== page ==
Gardening: Sweet black patch

By Meg Liptrot

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Thornless plump berries make Meg Liptrot a blissfully happy brambler.

Eat the red berries and you'll suffer a puckered mouth. The blacker the berry, the sweeter it is. Photo / Meg Liptrot
Eat the red berries and you'll suffer a puckered mouth. The blacker the berry, the sweeter it is. Photo / Meg Liptrot

I love the idea of jumping out of the car on a balmy summer's day to gather wild blackberries and getting my lips and hands stained with their inky colour.

You might have a favourite go-to spot - the challenge is getting there at the right time - but accidental finds are a thrill.

Once we were staying in a remote bay on the East Cape and walked with friends to a waterfall. The first part of the walk involved crossing open, unkempt grassland, ideal blackberry territory.

And there it was, a perfect bramble patch laden with ripe fruit untouched by pesticides or idle hands. Our little border terrier quickly figured out what the fuss was about and carefully plucked (with his teeth) low-hanging berries straight off the plant.

A somewhat easier, more reliable method of picking berries is to grow your own. You can select a berry cultivar which has been tamed by years of refined breeding to the point it no longer has prickles.

The modern thornless blackberry's wilder cousins notoriously grab at anything that ventures into their patch, refusing to let go and leaving the picker with more blood-coloured stains than they bargained for.

The thornless blackberry, with cultivars known as "Smoothstem" or "Black Satin", is still a vigorous plant. It has sturdy, thick stems which are upright rather than rambling. It is also a precocious berry producer, providing numerous, large, elongated black fruit, about twice the size of its wild counterparts. The fruit remain tart until very ripe.

The one we planted at the Sustainable Living Centre is a standout and we built a bamboo, fence-like structure to wind the stems into, providing a good opportunity to design a feature in the edible garden. The plant is now 3 years old and I've not trained it particularly or cut it back hard, as you're supposed to, but it has sprouted new shoots from last year's stems and they, too, are covered in young berries.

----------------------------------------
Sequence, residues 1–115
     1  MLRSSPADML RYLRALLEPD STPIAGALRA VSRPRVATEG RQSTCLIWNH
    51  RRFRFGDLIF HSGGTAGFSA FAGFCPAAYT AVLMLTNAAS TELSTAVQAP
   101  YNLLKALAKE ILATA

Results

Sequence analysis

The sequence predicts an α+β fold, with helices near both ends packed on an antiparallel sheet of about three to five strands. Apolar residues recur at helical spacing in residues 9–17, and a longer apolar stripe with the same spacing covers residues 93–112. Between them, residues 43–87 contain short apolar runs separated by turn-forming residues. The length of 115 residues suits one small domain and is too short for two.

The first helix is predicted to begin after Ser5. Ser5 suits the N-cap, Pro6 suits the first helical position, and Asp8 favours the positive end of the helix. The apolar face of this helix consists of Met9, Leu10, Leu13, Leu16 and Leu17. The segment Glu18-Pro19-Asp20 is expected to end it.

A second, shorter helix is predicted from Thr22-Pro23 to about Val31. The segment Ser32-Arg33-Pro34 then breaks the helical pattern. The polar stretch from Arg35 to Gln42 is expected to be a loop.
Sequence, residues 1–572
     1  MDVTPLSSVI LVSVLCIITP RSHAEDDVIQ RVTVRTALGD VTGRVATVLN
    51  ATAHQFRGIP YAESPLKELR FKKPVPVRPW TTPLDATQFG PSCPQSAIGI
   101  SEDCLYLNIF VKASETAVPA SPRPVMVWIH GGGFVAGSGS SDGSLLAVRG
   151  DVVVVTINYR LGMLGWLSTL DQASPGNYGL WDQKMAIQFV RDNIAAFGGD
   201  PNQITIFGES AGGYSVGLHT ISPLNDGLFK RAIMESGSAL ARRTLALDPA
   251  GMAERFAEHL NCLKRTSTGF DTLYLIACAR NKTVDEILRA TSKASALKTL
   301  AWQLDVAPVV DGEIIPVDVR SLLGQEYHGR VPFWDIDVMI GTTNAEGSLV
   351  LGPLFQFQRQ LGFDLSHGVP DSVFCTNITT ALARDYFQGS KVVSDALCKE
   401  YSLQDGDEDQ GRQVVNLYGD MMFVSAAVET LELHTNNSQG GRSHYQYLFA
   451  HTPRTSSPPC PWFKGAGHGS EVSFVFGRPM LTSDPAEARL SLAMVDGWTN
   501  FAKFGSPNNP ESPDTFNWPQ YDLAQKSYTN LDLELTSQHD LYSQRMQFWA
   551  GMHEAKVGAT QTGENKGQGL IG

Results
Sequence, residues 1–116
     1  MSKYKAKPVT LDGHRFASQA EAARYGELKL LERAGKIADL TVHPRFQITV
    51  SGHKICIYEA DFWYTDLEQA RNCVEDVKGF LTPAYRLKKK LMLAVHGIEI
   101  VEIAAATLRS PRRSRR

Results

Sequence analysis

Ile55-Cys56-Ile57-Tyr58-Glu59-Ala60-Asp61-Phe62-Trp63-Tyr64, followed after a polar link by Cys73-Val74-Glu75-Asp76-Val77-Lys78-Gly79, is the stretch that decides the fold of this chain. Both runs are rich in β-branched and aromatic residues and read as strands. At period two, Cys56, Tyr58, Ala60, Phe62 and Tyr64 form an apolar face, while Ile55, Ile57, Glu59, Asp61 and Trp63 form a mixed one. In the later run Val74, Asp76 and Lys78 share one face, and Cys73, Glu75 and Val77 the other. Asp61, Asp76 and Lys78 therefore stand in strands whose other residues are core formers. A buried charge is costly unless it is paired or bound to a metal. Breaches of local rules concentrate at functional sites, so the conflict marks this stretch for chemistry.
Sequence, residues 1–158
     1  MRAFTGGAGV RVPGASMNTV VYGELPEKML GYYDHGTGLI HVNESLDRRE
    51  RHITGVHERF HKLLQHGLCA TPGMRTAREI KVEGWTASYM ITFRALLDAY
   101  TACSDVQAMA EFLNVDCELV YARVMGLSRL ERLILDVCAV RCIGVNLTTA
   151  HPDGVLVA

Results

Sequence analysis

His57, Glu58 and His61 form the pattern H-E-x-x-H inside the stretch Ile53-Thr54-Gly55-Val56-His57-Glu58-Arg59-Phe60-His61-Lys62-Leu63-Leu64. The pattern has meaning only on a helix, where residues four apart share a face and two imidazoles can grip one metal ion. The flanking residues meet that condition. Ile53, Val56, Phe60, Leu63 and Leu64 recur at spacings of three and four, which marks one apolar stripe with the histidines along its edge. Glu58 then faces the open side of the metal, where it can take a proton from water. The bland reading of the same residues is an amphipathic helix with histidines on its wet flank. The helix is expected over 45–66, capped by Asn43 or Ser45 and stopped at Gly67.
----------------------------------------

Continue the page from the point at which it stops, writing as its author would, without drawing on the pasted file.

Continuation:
The plant had compost and sheep pellets dug in to loosen the clay soil at planting, and mulch, but no more attention than that.

The white, simple flowers in late spring are lovely and large and are a feature in themselves.

"Smoothstem" blackberries are the latest of the brambles, ripening from February onwards. Blackberries, raspberries and their associated hybrids, such as loganberry and boysenberry, produce biennial canes. The previous year's canes are pruned out in winter and the new ones are tied up. They will produce fruit in the coming season.

Last year, a group of preschoolers visited our centre just when our blackberries were ripening. Needing little encouragement, the kids took to picking and eating with great gusto, with no nasty prickles to hinder their progress. The blackberry is clearly a timeless classic which never fails to please.

Best berries for home gardens

* Boysenberry and loganberry: Divine flavour and a great home garden choice. Loganberry "Waimate" is a thornless cultivar. Canes can be wound up a teepee-like structure or attached to a trellis.

* Blueberry: If you live in an area with naturally acid soil you're in luck (ie, if azaleas and rhododendrons grow happily in your neighbourhood). Otherwise your soil will likely need peat and acid fertilisers added. Blueberries need full sun and good moisture in a well-drained situation. They do well with chicken manure.

* Strawberries: Easy to care for and propagate. Fruit continue to be produced over a long season. Strawberries are perfect for children's gardens.

* Weeping Mulberry (a small tree): A deciduous tree whose berries resemble a red smallish boysenberry and are pleasant tasting.

* NZ cranberry or Chilean guava: Not a cranberry at all, but a relative of the guava. The fruit are tasty but it takes a while to harvest a mouthful as they are tiny (the size of fat red peas). When ripe, the hard, dark-red fruit become softer and paler.

- Herald on Sunday

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